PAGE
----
Simply put, the route out of the French submarine deal involved a significant risk of diplomatic and strategic isolation for Australia, and at a time when Canberra simply cannot afford to expose itself in this way. The French are understandably upset, but the real anger is at the fact that the contract has been junked, not the way it was done. This is realpolitik, and the Australian Prime Minister has shown himself to be a ruthless operator. Perhaps Australia’s first. He has surprised the French by acting, well, French. Whatever his critics argue, there was no way to sugar this pill, and for France to be abandoned by what they regard as a second-tier power was always going to bring out the worst of their habitual anglophobic scorn.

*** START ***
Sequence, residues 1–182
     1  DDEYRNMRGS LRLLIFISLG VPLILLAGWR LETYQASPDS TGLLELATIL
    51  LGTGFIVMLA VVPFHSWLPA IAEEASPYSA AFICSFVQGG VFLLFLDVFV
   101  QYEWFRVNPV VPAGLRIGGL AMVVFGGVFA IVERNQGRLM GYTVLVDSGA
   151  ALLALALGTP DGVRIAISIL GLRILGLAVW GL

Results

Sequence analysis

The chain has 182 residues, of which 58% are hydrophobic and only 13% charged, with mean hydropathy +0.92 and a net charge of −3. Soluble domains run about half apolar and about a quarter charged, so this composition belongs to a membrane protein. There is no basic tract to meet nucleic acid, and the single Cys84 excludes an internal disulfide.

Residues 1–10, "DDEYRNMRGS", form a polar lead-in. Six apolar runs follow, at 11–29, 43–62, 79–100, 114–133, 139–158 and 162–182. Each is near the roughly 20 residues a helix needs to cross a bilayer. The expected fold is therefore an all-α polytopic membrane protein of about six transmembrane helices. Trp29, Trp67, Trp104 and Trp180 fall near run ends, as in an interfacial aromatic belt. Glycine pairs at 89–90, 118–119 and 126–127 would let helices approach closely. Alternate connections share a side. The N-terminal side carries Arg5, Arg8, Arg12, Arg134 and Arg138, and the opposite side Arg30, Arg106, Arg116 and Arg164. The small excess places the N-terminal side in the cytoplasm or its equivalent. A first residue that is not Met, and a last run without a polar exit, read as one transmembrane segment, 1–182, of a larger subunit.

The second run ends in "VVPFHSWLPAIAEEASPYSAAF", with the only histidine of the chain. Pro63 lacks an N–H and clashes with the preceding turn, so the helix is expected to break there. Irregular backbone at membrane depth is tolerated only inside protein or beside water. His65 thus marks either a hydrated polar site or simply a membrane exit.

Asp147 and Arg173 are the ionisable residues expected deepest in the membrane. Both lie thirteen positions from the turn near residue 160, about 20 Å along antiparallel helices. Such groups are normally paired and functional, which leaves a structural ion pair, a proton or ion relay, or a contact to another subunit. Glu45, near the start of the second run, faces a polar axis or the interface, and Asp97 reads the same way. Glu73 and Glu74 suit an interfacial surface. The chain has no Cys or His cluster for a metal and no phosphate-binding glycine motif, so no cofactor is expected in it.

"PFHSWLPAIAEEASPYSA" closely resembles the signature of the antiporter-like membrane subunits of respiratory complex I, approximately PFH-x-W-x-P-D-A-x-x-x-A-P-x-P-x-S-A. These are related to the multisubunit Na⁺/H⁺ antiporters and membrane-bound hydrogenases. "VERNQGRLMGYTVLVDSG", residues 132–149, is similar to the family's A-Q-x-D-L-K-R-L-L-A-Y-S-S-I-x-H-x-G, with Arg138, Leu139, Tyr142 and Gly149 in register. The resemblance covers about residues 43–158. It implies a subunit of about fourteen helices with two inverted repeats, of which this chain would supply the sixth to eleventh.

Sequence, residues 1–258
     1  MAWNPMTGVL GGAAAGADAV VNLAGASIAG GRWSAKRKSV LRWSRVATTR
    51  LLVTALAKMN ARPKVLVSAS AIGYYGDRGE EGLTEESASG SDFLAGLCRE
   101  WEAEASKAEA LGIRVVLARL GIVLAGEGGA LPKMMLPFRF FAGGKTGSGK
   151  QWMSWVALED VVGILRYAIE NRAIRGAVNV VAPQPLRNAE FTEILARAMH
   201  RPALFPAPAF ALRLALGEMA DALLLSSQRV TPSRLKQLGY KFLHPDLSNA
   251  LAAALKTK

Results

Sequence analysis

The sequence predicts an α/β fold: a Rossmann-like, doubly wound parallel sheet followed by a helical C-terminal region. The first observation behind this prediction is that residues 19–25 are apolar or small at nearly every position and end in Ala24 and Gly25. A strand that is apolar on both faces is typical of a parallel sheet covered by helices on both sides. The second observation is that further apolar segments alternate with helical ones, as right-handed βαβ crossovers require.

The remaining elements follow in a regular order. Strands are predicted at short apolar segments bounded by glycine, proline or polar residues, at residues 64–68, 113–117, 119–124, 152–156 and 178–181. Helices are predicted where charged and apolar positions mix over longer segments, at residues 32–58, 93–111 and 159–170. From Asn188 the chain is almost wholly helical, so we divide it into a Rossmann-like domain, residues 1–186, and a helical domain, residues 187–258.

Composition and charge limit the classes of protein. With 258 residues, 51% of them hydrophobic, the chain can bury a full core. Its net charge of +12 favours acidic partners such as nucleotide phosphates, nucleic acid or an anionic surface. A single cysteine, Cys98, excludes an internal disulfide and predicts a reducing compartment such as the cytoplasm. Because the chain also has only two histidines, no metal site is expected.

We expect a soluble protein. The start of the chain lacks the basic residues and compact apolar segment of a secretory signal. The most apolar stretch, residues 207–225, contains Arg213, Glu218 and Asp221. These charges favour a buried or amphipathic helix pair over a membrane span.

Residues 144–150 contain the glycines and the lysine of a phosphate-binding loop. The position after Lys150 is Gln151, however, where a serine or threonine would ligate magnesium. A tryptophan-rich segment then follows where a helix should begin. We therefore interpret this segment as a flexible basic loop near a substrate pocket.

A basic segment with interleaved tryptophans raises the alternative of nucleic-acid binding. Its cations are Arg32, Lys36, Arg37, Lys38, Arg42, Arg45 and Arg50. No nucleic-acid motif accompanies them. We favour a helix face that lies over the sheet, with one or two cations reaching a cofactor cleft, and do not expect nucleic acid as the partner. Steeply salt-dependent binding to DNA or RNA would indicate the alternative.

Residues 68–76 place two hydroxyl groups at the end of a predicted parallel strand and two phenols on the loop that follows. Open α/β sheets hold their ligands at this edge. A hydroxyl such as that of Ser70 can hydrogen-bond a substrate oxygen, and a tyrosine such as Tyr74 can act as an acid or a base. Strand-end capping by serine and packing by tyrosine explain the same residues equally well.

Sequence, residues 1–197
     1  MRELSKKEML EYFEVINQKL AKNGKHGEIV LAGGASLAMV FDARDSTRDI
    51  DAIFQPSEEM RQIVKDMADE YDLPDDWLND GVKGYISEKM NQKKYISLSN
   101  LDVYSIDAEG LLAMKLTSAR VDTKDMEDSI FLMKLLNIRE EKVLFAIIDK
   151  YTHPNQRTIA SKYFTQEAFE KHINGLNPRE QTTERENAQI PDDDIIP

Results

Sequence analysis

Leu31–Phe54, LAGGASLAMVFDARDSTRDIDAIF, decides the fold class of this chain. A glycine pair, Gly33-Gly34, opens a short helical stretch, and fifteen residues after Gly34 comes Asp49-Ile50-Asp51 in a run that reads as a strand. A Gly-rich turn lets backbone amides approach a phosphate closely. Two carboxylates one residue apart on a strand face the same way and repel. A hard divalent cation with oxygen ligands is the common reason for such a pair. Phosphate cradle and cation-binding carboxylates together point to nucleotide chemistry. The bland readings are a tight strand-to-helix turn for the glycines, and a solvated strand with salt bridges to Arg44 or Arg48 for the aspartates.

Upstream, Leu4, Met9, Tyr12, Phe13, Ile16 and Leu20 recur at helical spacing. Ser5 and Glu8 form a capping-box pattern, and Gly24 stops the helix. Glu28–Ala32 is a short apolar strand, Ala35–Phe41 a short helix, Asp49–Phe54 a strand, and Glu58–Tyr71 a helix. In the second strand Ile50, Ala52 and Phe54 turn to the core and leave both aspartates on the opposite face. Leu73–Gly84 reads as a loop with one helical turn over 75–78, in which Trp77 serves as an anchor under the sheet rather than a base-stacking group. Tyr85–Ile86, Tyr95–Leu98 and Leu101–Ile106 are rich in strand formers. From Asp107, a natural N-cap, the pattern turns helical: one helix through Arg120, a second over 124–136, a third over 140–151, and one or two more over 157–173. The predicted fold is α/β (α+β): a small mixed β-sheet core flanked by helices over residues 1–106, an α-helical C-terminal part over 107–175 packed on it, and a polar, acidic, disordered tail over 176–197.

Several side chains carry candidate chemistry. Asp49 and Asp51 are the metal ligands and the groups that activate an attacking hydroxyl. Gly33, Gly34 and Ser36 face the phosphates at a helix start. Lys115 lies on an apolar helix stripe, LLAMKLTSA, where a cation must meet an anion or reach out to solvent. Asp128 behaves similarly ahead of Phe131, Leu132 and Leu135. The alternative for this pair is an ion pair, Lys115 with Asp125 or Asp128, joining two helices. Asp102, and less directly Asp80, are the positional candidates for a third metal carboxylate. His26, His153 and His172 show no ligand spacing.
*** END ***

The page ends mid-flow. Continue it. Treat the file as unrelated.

Comme Un Double Coup
For the French, the impact of losing the contract is twofold; economic and symbolic. Economically a contract of this size and sophistication is enormously important for a large, industrial power like France. It is valuable in its own right, supporting jobs and investment in a crucial sector, and would have helped France remain at the technological cutting edge by underwriting its own self-sufficiency in defense technology. It was comparable in some ways to the UK’s huge contracts to supply Saudi Arabia with Tornados and Typhoons. On this level alone it is therefore a large setback for France, which would entirely justify a level of anger on their part.